The Rise of Early Anti-Christian Polemic- Second Printing
3. Celsus, Plato, and the Gods 41
3 Celsus, Plato, and the Gods One of the observations frequently made in the study of early Chris- tianity is the wealth of syncretism between Christianity and pagan religion and culture. Naturally, Christianity "borrowed" greatly from its Greek and Roman surroundings, not a surprising observation given their common religious genetics. The ubiquitous presence of the gods gradually metamorphosed into the shrines of the saints; aspects of pagan religious art and the prophetic tradition were trans- formed for Christian use.l Only a short step was required, for example, for the third-century Egyptians who compiled the Her- metic writings (or, more accurately, their intellectual successors) to embrace Christianity: The Hermetist, when he became a Christian, would not have so very much to unlearn. . . . He had been accustomed to aspire towards union with God, and to hold that "to hate one's body" is the first step on the way to the fulfilment of that aspiration; and when we come upon him, a little later on, transformed into a Christian hermit in the Egyptian desert, we find that he is still of the same opinion.2 While most scholars observe the influence of paganism upon Chris- tianity, a few have noted that "influence" was a two-way street, and that Christianity may have had at least as great an impact upon late paganism as the other way around.3 In any event, these observations are made largely by contempo- rary scholars. Occasionally, however, ancient commentators also noticed such parallels between Christianity and paganism. Celsus is a case...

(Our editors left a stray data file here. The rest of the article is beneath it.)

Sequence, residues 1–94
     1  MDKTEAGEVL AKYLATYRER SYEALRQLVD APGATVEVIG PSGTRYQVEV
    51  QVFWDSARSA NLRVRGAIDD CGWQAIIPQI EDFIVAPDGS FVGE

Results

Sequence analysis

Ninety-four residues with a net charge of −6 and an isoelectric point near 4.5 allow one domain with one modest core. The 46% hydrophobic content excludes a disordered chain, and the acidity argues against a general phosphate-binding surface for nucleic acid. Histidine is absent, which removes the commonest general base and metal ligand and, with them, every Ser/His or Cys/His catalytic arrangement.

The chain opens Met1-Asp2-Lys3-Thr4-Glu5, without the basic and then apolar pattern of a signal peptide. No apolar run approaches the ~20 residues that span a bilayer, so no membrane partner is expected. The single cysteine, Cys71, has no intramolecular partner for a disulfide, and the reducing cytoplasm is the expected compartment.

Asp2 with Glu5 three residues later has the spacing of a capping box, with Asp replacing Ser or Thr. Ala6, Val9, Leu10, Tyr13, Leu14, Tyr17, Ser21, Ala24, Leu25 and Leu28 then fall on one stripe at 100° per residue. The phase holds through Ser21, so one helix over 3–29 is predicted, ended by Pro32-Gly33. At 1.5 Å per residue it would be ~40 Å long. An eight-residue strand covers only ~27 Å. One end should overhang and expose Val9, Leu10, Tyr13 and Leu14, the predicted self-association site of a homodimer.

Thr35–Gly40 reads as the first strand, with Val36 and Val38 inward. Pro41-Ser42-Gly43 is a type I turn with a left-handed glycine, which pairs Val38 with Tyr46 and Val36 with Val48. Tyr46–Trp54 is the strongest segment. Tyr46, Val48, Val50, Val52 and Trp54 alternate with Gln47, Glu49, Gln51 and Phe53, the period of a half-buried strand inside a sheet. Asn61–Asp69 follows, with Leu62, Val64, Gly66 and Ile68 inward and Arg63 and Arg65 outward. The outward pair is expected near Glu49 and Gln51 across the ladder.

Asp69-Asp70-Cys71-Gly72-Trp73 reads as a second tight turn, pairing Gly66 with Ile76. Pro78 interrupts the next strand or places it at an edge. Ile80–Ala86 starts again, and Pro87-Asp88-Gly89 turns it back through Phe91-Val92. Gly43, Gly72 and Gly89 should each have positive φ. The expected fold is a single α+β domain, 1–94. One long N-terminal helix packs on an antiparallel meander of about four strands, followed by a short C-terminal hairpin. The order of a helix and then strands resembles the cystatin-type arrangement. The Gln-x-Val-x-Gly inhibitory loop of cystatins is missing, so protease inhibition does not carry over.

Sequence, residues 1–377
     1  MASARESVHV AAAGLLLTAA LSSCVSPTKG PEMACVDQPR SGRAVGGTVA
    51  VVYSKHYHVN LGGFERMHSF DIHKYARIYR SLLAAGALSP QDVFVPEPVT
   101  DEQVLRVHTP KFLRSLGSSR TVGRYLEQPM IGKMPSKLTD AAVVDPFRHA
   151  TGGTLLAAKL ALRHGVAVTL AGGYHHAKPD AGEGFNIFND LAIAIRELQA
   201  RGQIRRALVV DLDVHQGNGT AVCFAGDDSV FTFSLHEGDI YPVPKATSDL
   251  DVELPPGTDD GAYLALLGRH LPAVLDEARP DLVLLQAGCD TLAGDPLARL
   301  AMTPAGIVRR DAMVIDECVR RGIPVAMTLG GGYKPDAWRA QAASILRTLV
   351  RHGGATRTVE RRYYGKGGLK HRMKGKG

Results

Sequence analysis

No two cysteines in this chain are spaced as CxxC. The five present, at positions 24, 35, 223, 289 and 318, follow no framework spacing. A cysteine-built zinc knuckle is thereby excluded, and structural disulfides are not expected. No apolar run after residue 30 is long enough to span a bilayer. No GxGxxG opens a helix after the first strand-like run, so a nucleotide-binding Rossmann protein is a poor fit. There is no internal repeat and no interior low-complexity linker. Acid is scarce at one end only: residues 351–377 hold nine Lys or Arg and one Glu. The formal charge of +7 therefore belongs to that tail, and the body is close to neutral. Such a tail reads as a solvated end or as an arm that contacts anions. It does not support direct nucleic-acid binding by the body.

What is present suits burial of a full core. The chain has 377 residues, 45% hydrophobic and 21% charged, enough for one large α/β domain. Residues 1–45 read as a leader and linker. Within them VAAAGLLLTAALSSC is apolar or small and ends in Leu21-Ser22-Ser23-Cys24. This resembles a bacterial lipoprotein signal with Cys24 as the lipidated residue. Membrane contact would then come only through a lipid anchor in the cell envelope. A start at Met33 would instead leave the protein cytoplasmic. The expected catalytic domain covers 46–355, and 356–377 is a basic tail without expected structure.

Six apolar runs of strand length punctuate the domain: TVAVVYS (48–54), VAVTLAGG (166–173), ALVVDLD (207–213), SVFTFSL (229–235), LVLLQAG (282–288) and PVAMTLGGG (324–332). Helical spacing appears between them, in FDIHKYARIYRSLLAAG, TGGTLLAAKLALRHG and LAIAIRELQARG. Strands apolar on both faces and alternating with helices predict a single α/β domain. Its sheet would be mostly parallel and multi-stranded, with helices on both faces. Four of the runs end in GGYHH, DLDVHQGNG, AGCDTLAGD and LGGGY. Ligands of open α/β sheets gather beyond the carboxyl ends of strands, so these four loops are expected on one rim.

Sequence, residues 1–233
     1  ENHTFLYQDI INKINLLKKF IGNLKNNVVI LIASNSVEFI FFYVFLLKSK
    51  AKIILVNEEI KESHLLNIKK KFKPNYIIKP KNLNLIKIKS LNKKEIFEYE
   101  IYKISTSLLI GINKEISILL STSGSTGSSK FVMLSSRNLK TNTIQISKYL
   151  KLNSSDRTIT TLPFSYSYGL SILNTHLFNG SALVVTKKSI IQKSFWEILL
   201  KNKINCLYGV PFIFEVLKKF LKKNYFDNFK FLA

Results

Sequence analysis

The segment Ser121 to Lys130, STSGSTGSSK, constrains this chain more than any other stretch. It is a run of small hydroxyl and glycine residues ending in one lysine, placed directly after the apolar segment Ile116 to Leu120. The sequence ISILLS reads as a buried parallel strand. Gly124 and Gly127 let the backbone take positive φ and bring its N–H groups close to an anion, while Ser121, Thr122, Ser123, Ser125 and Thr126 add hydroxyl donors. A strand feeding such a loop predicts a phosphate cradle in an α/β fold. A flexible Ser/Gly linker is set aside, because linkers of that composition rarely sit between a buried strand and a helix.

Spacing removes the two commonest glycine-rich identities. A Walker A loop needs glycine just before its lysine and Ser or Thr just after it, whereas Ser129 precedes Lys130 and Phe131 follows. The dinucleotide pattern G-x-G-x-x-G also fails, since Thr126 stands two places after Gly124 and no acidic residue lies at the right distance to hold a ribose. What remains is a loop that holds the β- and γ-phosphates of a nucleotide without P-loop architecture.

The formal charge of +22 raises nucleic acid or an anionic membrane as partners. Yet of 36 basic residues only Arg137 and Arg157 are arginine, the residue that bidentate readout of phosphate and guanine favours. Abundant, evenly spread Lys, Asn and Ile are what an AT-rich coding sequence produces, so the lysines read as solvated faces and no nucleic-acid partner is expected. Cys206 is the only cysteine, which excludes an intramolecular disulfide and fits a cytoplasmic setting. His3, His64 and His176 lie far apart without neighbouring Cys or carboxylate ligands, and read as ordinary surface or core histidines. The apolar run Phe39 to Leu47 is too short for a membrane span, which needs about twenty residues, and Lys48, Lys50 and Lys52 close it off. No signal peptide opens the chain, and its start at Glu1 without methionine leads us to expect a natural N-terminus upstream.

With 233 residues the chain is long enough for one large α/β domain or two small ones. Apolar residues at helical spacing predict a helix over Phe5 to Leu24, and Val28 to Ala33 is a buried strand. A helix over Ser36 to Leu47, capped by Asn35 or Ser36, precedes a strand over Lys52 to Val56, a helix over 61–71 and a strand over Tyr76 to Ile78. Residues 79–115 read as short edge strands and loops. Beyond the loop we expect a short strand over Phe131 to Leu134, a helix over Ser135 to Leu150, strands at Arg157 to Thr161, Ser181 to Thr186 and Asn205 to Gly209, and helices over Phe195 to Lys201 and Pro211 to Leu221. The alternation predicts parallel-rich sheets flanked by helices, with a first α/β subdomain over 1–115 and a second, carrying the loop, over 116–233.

You are not authenticated to view the full text of this chapter or article.
This site requires a subscription or purchase to access the full text of books or journals.
Do you have any questions? Contact us.Or login to access all content.